The Third U.S. Circuit Court of Appeals vacated the conviction and sentence of Internet troll and hacker Andrew "weev" Auernheimer on Friday, meaning he will soon walk free. But the court did not rule on the key issue: Whether his actions constituted of a violation of the Computer Fraud and Abuse Act. Computer crimes law critics say the CFAA is overly broad and could potentially classify the activities of everyday Internet users.
The case against Auernheimer was considered a test for just how far law enforcement and prosecutors could stretch the CFAA, the law also used against the late Aaron Swartz -- a well respected programmer and activist who committed suicide while facing a bruising federal investigation last year. Auernheimer was accused of using an automated script to to collect information about iPad users that AT&T had left unsecured. He then allegedly sent a list e-mail addresses obtained through that method to Gawker, who published a redacted version of the list.
His attorneys argued the CFAA did not apply to Auernheimer's case because there was no authorization procedure, like a password, that he circumvented to gain access to the information. Rather than hacking into the system, they argue that he discovered and exploited a network security flaw -- like walking through an open door rather than picking a lock. The details are a little more complicated, but Auernheimer once likened the situation to "going to prison for arithmetic."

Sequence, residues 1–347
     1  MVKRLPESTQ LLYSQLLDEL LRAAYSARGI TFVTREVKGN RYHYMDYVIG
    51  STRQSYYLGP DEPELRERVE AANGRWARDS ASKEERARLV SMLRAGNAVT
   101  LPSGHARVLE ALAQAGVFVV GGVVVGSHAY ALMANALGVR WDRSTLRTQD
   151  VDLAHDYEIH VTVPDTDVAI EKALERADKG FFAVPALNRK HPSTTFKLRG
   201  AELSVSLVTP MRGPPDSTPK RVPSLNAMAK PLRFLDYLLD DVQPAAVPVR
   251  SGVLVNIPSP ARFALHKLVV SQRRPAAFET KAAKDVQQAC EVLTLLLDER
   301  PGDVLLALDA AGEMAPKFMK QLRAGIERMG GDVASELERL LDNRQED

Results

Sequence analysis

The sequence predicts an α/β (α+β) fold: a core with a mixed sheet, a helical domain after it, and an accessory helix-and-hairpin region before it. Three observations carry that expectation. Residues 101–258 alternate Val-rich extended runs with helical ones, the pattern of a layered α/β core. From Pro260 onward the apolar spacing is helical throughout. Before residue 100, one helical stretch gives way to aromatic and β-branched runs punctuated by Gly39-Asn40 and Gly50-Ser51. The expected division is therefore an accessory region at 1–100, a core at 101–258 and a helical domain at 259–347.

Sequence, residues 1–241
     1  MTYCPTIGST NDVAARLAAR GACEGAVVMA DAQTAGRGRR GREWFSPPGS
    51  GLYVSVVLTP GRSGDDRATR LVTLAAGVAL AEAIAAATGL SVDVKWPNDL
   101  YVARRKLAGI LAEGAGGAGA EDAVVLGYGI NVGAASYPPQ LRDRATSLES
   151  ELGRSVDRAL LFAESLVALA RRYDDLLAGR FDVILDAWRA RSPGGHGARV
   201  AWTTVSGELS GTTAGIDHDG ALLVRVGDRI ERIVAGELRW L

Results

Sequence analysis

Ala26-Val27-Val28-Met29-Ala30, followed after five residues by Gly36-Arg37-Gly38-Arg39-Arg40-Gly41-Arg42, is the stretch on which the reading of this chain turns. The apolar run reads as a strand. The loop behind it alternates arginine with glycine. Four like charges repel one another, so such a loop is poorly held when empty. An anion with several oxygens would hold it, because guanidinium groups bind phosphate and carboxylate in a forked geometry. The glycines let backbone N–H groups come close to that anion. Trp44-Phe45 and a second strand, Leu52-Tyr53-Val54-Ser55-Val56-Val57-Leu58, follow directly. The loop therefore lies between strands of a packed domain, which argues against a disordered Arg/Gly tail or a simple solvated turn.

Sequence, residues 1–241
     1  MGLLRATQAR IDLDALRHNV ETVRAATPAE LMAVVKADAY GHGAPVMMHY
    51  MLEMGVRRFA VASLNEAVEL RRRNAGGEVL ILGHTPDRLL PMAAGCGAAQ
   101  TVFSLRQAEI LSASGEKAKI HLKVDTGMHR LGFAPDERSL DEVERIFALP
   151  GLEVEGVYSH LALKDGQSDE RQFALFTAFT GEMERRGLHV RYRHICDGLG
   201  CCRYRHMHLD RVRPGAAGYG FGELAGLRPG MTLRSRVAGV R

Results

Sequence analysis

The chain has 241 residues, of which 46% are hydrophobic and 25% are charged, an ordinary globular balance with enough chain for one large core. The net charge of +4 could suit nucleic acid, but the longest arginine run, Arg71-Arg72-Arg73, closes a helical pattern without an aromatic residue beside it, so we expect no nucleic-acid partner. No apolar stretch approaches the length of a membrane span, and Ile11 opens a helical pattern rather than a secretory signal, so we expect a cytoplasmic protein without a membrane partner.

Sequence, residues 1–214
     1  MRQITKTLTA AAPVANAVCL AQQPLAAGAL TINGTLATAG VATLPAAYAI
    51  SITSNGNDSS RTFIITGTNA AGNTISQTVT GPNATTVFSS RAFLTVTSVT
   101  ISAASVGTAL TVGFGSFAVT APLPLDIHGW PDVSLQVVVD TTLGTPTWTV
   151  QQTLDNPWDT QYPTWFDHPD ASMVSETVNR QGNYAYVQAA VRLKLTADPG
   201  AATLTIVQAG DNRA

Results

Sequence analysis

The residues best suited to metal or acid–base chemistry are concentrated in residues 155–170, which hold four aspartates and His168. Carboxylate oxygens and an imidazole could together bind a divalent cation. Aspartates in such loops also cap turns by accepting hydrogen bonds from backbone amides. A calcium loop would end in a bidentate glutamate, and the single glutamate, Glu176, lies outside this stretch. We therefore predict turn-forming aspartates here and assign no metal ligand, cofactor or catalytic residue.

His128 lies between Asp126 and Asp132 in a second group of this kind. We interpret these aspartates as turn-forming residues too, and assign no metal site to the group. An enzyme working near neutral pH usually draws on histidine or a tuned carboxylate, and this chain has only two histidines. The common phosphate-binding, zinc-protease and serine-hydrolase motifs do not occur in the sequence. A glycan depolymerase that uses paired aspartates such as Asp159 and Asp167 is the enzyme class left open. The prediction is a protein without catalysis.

That kind of discovery is the kind of thing that cybersecurity researchers and "white hat" hackers do day in and day out. Some good guy hackers worried that their line of work would be affected if Auernheimer's conviction stood, even if Auernheimer's disclosure practices (i.e. leaking directly to the media) weren't exactly industry standard.
Auernheimer is a controversial figure because of his history of behavior often described as "trollish" -- things like posting anti-Semitic YouTube videos and spearheading harassment campaigns, including at least one targeting a prominent woman in the tech community. But while not everyone likes him, many digital rights groups still supported his side in the court case on its merits.
On Friday, however, the court didn't rule on the breadth of the possible crimes under the CFAA. "Although this appeal raises a number of complex and novel issues that are of great public importance in our increasingly interconnected age," the court order read, "we find it necessary to reach only one that has been fundamental since our country’s founding: venue."
Auernheimer was convicted in New Jersey. But after reviewing the evidence, the appeals court overturned the conviction on the grounds that neither Auernheimer, nor his alleged accomplice, nor the servers affected by the incident were actually in the state at the time of the hack. So the bigger questions about what exactly constitutes a computer crime will have to wait for another day.